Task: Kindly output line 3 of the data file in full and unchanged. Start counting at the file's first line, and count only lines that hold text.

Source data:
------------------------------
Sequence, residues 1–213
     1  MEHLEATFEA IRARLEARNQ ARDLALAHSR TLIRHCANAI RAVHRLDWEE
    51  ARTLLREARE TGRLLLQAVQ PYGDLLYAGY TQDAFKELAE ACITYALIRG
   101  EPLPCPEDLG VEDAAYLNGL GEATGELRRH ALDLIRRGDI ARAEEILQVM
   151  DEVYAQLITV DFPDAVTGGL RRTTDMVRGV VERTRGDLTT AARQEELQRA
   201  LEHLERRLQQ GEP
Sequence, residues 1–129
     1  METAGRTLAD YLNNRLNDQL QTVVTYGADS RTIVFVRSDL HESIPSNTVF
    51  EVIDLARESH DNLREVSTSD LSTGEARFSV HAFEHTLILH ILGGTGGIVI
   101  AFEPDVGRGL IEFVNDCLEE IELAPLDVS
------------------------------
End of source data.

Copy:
    51  ARTLLREARE TGRLLLQAVQ PYGDLLYAGY TQDAFKELAE ACITYALIRG